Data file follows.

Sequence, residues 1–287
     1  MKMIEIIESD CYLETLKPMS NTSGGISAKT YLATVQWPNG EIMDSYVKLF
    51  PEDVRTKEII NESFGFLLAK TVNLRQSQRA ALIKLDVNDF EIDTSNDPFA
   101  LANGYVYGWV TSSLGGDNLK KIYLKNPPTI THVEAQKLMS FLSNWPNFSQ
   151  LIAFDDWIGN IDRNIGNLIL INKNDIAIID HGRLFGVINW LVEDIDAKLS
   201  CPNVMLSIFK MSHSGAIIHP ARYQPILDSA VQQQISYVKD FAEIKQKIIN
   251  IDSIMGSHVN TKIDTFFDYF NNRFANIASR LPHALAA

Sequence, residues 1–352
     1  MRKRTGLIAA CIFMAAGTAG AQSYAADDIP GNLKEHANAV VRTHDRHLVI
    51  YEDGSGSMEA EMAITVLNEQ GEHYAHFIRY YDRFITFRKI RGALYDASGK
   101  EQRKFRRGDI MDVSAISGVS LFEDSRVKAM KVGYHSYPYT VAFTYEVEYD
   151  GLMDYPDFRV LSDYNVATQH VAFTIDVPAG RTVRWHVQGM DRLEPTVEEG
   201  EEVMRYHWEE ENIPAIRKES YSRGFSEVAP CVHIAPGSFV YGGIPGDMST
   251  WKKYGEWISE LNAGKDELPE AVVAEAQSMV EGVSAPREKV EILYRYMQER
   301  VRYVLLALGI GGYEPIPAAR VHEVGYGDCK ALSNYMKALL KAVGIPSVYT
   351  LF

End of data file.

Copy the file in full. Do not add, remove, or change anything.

Sequence, residues 1–287
     1  MKMIEIIESD CYLETLKPMS NTSGGISAKT YLATVQWPNG EIMDSYVKLF
    51  PEDVRTKEII NESFGFLLAK TVNLRQSQRA ALIKLDVNDF EIDTSNDPFA
   101  LANGYVYGWV TSSLGGDNLK KIYLKNPPTI THVEAQKLMS FLSNWPNFSQ
   151  LIAFDDWIGN IDRNIGNLIL INKNDIAIID HGRLFGVINW LVEDIDAKLS
   201  CPNVMLSIFK MSHSGAIIHP ARYQPILDSA VQQQISYVKD FAEIKQKIIN
   251  IDSIMGSHVN TKIDTFFDYF NNRFANIASR LPHALAA

Sequence, residues 1–352
     1  MRKRTGLIAA CIFMAAGTAG AQSYAADDIP GNLKEHANAV VRTHDRHLVI
    51  YEDGSGSMEA EMAITVLNEQ GEHYAHFIRY YDRFITFRKI RGALYDASGK
   101  EQRKFRRGDI MDVSAISGVS LFEDSRVKAM KVGYHSYPYT VAFTYEVEYD
   151  GLMDYPDFRV LSDYNVATQH VAFTIDVPAG RTVRWHVQGM DRLEPTVEEG
   201  EEVMRYHWEE ENIPAIRKES YSRGFSEVAP CVHIAPGSFV YGGIPGDMST
   251  WKKYGEWISE LNAGKDELPE AVVAEAQSMV EGVSAPREKV EILYRYMQER
   301  VRYVLLALGI GGYEPIPAAR VHEVGYGDCK ALSNYMKALL KAVGIPSVYT
   351  LF